Rights view of ethics: it is a decision that best maintain and protects the fundamental rights and privileges of the people affected by it. It means that this concept ensure that the companies employees are always protected in rights to privacy, free speech, free consent, health and safety, and freedom of conscience . For example, in the case of coca-cola executives and the guatemalan union leaders in may 1984, the workers argued that for the past six years, the company refuse to obey the human rights and the labour rights. Moreover, the union organiser are receiving treat like kidnapping, murder and others around the area.
This indicates that the unions are arguing for their rights in the company. The company had to no choice to settle this problem immediately. The benefit of this view is that it provides individuals with equity in the free pursuit of interest . Moreover, it also provides a basis for justifying one’s action and for invoking the protection or aid of others. On the other hand, companies will face problems on productivity and efficiency because they are more concern on their employee’s performance rather than the outcome of the company.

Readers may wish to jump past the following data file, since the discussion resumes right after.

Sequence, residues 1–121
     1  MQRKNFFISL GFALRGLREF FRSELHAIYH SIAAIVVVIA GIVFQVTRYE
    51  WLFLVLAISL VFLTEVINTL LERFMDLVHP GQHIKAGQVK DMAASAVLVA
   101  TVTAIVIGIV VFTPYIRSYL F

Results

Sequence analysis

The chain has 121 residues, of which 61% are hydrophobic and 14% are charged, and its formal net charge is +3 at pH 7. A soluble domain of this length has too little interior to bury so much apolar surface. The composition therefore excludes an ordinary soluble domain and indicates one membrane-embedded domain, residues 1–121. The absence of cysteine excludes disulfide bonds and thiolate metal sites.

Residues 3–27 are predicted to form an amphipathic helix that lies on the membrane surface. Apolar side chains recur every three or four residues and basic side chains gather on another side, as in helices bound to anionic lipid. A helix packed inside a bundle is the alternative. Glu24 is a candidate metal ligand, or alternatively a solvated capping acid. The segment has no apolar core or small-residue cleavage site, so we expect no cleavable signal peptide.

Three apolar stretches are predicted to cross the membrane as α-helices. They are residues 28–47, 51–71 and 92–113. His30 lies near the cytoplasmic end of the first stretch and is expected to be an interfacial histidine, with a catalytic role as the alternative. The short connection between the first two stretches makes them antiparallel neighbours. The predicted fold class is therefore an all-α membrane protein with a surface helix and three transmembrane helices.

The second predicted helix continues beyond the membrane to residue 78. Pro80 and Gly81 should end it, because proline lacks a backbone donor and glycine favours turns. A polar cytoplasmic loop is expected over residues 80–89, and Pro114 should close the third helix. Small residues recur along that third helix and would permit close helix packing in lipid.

Theory of justice: it is based on the belief that ethical decisions treat people impartially and fairly, according to legal rules and standards. This concept concern on how equal the ethical decision of the manager for everyone. To illustrate this concept, we look at the case of u-haul and james horner where horner, a manager in u-haul claimed for his overtime pay. The company claimed that horner is a manager and therefore no need to receive the overtime pay. However, horner belief that the company’s action is unfair for him as he does the same work as what the others do but the only thing different is that he is a manager and they are not. Therefore, he should get the overtime pay as what the other worker gets. The benefit of the concept is, it recognized the standard of fairness on the individuals and protects the interest of stakeholders. Despite of the facts, it reduces employee’s risk-taking, innovation and productivity.